Sometime around the age of five or six, Murphy was taken downtown to study with a drum teacher. He says, “I forget the gentleman’s name, but he said he didn’t teach anybody that was younger than eight-years old. That was it as far as a professional teacher. Then it was just back to the drawing board. My uncle John and my grandmother were trying to show me how to play a ride beat on the cymbals.”
When asked about his first drum set, Murphy says, “It wasn’t a real kit. It was a snare that had two heads that attached to the snare. So you have the feel of two tom toms. It had a cymbal and woodblock attached to the snare drum. It didn’t have a high-hat. The other foot was just on the floor. At least it was real. It had calf skin heads and all of that.
“For whatever reason, I started playing with the traditional jazz grip. I think what it was … My uncle John and my grandmother they knew a lot of people and musicians. Worcester wasn’t that big.”
Murphy says even from the beginning he was aware of the importance of tuning his drums. “It was a big factor, because I always loved how Gene Krupa’s snare drum sounded – even on the records. I would try to make it as best as I could. I don’t like a muffled sound. I don’t have any dampers on any of my drums. I tune them wide open.”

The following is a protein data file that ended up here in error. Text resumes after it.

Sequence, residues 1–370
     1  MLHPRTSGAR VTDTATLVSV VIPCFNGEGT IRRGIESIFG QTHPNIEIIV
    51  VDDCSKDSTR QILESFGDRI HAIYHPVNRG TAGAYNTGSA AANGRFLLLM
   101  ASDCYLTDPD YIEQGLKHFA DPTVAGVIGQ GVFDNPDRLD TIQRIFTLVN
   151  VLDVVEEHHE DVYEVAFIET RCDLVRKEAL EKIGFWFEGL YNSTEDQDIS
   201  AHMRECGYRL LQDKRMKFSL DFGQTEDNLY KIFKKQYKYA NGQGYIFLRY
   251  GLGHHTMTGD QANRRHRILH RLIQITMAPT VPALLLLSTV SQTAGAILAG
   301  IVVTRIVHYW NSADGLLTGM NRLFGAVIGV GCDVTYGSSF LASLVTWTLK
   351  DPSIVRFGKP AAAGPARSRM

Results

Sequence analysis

When the family moved to Lewis Street, Murphy had the good fortune to moved into a building where another young drummer resided.
“His name was Bill Hickman,” Murphy says. “His mom and dad owned 14 Lewis Street and they were on the first floor. That was a three-decker. We were on the top. Bill was playing drums already and playing in high school dances. He had practice pads and a full drum set. I used to see him everyday and he just started formally teaching me about reading music. He let me play any day I saw him and I would make my way there to make sure I saw him everyday.”
While still to young to perform, Murphy recalls attending functions and shows at the Worcester Auditorium, Loew’s Palace Theater (Now called Hanover Theater for the Performing Arts) and Mechanics Hall.
“My dad started taking me to a lot of different things — at people’s weddings I’d always get to sit-in on drums. My dad was a really big jazz fan. He collected 78s. He gave me one of those turntables that you crank. It didn’t have electricity. I was made aware of Gene Krupa and people like that at about age five. My father was a really avid jazz fan and for whatever reason, it didn’t matter where we were, whatever jazz club or whatever what was happening musically, my dad seemed to be able to have me meet the musicians. He just knew these people. He introduced me to Gene Krupa, Cozy Cole, Louie Bellson … he went out of his way to more than introduce me to them.”